A Pivotal Denuclearisation Summit

Photo Source: Crises Group

By Naveed Qazi | Editor, Globe UpFront


At one point in time, the war of words between North Korea and the United States gave looming dangers of a possible armed escalation between the two countries. The development of a nuclear arsenal in North Korea was met with several diplomatic challenges before.

Trump, at one point in time, believed that his nuclear button was ‘more powerful’. The US is already in the arms race for acquiring supersonic missiles, notorious for travelling faster than the speed of sound that could hit its target faster than ICBM missiles.

Trump once called Kim Jong Un ‘a madman’, while as Kim ensured of destroying any United States aircrafts such as B1-B Lancer before they entered the North Korean airspace. The war of words had put millions of lives on stake. At one point in time, it seemed almost inevitable that North Korea would hit the US territory first. The US didn't have the first to attack policy anyway.

It did take a while for Trump to change his judgment about Kim Jong Un. He now calls him ‘funny’, ‘very talented’, ‘someone who loves his people’, and ‘whom his country loves with fervour’. Perhaps, it may have been necessary to win favours. It was something contentious because according to an enquiry of UN commission, Kim Jong Un is accused of crimes against humanity.

The latest statements at the summit meant that former statements made by both leaders were just ill thought hyperboles, for various reasons.

One of the notable propaganda by North Korean propaganda website was a doctored picture which showed a North Korean nuke hitting a US-nuclear powered aircraft carrier USS Carl Vinson.

After a series of failed negotiations and strategic defence strategies exhibited by the US in the troubled sea waters of the Korean Peninsula, a historic denuclearisation summit in Singapore was finally concluded. Interestingly, Trump thinks that he has built a ‘special bond’ with Kim this time around. As per inputs of US authorities, Kim Jong Un had built an arsenal of around twenty and sixty nuclear warheads.

The news of this peace accord is a respite to ASEAN countries. A nuclear war in this region could have been unthinkable in terms of human catastrophe and the destruction of nature.

Trump has ensured that he would meet Kim Jong Un ‘many times’ in the near future for North Korea’s denuclearisation program. The United States is vying for verification for complete denuclearisation. 

According to Stanford University nuclear scientist Siegfried Hecker, the whole denuclearisation process could take at least fifteen years.

To increase diplomatic ties, the American President wants several US officials and other international personnel’s inside the North Korean territory.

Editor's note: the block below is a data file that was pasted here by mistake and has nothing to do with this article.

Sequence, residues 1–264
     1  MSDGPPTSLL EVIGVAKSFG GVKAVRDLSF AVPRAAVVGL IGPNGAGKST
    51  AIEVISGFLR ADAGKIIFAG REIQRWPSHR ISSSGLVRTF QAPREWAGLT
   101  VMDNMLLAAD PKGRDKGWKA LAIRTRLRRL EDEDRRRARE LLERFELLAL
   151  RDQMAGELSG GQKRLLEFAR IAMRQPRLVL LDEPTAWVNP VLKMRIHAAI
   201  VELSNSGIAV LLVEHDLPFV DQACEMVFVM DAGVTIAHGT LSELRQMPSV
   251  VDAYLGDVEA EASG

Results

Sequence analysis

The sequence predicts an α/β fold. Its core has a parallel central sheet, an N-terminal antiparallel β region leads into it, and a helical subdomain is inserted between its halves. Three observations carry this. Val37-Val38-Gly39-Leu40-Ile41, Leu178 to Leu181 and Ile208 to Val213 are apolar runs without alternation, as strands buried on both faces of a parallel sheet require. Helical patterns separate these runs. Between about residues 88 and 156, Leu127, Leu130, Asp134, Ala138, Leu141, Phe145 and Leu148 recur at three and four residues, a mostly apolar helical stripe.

The best that the US government can hope is a sustained and phased denuclearisation process in the years to come. It is mainly because North Korea has been a closed country in terms of diplomatic relations with its six-decade isolation from the world. 

The country had high aims to produce ballistic missiles and nuclear weapons with its state-funded government programs.

The IAEA has no access for inspection to North Korean nuclear facilities since 2009. The country also expelled nuclear inspectors in the past.

Despite this, North Korea had shut down its Punggye-ri nuclear site and has also vowed to destroy its nuclear testing site. Now, by every means, it has to give access to IAEA to affirm a sort of western alliance, which seemed highly unlikely in the past. In that perception, it is a very significant diplomatic summit.

As per Panmunjom Declaration, 2018, DPRK will commit to complete denuclearisation and will ensure long-lasting peace in the region. In return, the US will lift the heavy sanctions and its diplomatic freeze with the international community. It is believed that after the summit was over, Kim Jong Un had alleviated some financial burdens upon his country. Perhaps, the country can trade more in textiles, seafood and other natural resources.

In the regional media, post-summit, he was projected as a world leader and the only source of authority in North Korea. But having said that, it is believed that the old generation leaders, who saw his predecessors ruling the country, won’t accept this change if their power is threatened. It seems that loyalism is almost required for Kim’s rule in the country.

A report by the Crises Group explained: “coordination between allies, in particular, and other interested actors was essential. Seoul desires to diminish the risk of war and fulfil the Moon Jae-in administration’s promise of rapprochement with the North, impelling it to help draw Pyongyang and Washington together. Beijing wants to maintain the prevailing strategic balance or shift it in Chinese favour and to guard against a turnaround that could see Pyongyang cosy up to Washington. Tokyo, a staunch U.S. ally with a lot at stake but no independent ability to influence developments, is keen to protect its strategic interests, including reducing its vulnerability to North Korean shorter-range missiles and nuclear, chemical and biological weapons.”

This policy, that Trump is pursuing with North Korea, is a complete opposite of what he intends to do with Iran. He wants no diplomatic contract with Iran at any level, perhaps due to their pertaining rancour against Israelis.

Trump has extended this priority even to American corporates who do business with the country. If we compare Iran and North Korea, the latter is more powerful in terms of a nuclear arsenal and the aftermaths of war in the region will be much higher than its other Asian counterpart. Seoul is just thirty miles away from North Korea. 

The dangers of war in South Korea could have become unthinkable, resulting in innumerable deaths.

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